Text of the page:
Photo: JavierBillionaire investor Warren Buffett appears seriously confused about the risks posed by greenhouse gases. Two years ago, the sage of Omaha wrote, “Doubling the carbon dioxide we belch into the atmosphere may far more than double the subsequent problems for society.” Duh.
But now the AP reports:
Berkshire Hathaway shareholders rejected a measure that would have required the company’s utilities to set goals for reducing greenhouse-gas emissions.
At the company’s annual meeting on Saturday, several people spoke in favor of the measure, saying Warren Buffett’s company could be hurt financially by potential liabilities associated with carbon emissions. Berkshire owns several utilities through its MidAmerican Energy Holdings subsidiary.
Investment manager Bruce Herbert of Newground Social Investment says investors should be concerned.
Buffett and Berkshire’s board, which collectively controls 38 percent of the voting power, opposed the measure, so it was overwhelmingly rejected.
Buffett says he doesn’t believe greenhouse gases represent a material risk for Berkshire’s insurance operations. And Berkshire’s major utilities are governed by state regulators who might object to changing sources of electricity, he said.
I’d love to find out exactly what he said, if anybody knows someone who was there. I can’t find any more details on the web.
The utility excuse is just lame. Yes, utilities are subject to regulators, but the regulators are heavily influenced by the wishes of the utility — and a combination of efficiency, demand response, wind (and other renewables), and some storage and natural gas can sharply reduce GHGs without raising bills, especially when phased in over extended period of time, which is the point of the shareholder measure.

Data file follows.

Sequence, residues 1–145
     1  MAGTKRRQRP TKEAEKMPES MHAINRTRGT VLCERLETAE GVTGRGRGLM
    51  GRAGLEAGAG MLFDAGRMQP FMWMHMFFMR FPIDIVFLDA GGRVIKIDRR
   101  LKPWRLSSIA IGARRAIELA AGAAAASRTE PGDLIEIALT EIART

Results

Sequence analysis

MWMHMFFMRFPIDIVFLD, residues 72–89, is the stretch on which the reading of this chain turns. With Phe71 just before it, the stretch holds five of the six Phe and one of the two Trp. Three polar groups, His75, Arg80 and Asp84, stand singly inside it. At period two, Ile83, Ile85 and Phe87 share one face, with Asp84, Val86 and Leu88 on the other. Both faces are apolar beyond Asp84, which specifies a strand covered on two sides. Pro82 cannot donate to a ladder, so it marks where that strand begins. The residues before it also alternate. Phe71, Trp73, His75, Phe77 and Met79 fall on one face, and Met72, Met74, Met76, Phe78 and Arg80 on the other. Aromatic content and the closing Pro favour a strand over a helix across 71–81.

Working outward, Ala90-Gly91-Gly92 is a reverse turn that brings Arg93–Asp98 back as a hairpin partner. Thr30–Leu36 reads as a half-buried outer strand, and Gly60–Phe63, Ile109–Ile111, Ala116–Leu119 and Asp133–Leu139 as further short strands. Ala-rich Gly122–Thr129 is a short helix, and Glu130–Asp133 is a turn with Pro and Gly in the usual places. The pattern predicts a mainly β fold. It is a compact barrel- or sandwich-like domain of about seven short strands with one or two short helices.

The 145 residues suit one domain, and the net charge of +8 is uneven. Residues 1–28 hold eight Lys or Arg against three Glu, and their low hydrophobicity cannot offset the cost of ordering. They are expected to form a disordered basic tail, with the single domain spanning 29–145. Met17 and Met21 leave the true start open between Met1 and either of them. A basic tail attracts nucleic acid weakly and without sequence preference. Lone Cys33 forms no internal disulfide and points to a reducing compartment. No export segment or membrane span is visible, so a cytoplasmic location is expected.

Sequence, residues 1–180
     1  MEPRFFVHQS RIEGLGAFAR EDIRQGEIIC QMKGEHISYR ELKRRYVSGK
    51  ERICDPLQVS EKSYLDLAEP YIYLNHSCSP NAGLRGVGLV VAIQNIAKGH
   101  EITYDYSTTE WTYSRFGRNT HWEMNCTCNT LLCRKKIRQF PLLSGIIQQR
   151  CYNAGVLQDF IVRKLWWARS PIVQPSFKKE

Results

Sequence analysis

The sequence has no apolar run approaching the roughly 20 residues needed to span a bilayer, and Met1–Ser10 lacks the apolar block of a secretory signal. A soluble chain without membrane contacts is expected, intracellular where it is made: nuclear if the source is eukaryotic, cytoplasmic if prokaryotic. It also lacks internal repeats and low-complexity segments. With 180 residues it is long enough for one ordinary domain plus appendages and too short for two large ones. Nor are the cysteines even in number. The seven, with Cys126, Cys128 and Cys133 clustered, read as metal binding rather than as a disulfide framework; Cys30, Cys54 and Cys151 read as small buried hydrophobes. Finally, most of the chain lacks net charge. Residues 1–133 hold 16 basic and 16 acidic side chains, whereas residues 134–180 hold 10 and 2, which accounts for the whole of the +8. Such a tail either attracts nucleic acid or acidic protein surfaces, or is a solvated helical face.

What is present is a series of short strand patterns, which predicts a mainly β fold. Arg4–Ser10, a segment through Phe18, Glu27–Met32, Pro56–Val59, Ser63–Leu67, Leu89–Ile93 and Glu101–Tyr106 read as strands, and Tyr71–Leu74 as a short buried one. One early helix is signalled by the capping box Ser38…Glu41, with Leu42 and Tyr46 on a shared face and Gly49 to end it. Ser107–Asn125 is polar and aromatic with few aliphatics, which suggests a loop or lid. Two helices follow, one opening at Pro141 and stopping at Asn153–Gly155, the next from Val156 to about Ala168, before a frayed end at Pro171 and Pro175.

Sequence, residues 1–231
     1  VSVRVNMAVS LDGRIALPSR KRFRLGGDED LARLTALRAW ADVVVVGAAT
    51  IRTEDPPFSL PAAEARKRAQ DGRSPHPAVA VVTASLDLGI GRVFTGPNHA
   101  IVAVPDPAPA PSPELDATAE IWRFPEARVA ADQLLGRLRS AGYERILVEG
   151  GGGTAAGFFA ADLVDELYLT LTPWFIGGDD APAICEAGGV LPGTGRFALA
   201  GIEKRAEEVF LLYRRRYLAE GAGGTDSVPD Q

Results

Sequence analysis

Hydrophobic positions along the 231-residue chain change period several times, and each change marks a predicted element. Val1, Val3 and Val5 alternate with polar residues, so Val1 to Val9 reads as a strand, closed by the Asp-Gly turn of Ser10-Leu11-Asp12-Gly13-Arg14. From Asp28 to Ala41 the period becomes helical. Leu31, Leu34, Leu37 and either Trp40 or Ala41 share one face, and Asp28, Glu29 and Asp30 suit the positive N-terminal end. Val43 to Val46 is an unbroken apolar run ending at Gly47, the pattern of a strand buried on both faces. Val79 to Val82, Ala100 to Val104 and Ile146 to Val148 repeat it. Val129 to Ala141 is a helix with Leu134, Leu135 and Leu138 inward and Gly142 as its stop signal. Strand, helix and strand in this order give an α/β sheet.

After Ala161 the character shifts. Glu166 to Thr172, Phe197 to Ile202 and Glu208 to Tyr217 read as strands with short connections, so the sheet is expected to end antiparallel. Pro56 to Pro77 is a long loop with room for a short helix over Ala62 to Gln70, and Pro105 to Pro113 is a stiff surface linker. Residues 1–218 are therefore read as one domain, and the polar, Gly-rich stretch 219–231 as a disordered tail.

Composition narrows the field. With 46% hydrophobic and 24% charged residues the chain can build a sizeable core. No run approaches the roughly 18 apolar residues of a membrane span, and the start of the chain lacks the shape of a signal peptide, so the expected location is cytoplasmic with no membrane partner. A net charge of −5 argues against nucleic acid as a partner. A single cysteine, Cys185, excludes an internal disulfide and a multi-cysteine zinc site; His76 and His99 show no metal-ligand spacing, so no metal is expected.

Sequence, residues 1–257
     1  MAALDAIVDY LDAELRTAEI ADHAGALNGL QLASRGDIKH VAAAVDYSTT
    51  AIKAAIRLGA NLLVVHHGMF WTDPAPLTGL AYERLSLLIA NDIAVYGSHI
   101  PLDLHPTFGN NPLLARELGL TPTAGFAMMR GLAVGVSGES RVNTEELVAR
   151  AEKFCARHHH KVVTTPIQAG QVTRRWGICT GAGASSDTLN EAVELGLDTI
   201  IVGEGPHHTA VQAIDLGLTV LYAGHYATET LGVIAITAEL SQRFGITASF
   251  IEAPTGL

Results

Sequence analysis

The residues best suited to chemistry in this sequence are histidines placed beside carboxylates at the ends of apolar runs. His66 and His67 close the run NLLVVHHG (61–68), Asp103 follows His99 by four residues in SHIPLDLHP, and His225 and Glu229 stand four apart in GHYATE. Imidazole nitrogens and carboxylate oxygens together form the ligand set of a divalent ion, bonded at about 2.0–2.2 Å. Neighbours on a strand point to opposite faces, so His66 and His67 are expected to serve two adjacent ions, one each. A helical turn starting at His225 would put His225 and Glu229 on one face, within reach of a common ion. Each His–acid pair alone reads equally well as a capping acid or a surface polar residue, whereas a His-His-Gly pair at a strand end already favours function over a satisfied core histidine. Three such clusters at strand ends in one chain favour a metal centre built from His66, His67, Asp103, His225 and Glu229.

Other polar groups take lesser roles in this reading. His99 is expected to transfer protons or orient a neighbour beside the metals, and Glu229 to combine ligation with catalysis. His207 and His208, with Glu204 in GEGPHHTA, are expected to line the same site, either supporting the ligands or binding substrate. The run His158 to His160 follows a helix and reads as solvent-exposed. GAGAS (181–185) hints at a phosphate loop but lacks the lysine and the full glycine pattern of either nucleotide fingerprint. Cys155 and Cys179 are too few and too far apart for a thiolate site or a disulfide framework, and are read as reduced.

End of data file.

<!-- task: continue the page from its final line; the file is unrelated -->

Buffett is famously a long-term investor and it’s hard to imagine a graver long-term risk than GHGs. Other insurance companies understand the risk, like Munich Re:
Floods in central Europe, wildfires in Russia, widespread flooding in Pakistan. The number and scale of weather-related natural catastrophe losses in the first nine months of 2010 was exceptionally high … Munich Re emphasises the probability of a link between the increasing number of weather extremes and climate change.
Globally, 2010 has been the warmest year since records began over 130 years ago, the ten warmest during that period all falling within the last 12 years. The warmer atmosphere and higher sea temperatures are having significant effects. Prof. Peter Höppe, Head of Munich Re’s Geo Risks Research/Corporate Climate Centre: “It’s as if the weather machine had changed up a gear. Unless binding carbon reduction targets stay on the agenda, future generations will bear the consequences.”
Buffett’s 2009 New York Times op-ed “The Greenback Effect” makes clear he understands global warming is nonlinear — and thinks enough people might understand that point so he can use it as a springboard for discussing monetary policy:
In nature, every action has consequences, a phenomenon called the butterfly effect. These consequences, moreover, are not necessarily proportional. For example, doubling the carbon dioxide we belch into the atmosphere may far more than double the subsequent problems for society. Realizing this, the world properly worries about greenhouse emissions.
[Yes, Buffett may be confusing CO2 emissions with CO2 concentrations — join the club — but it’s impossible to tell from this short hit.]
So now we are back to questioning Buffett’s sagacity on this crucial issue.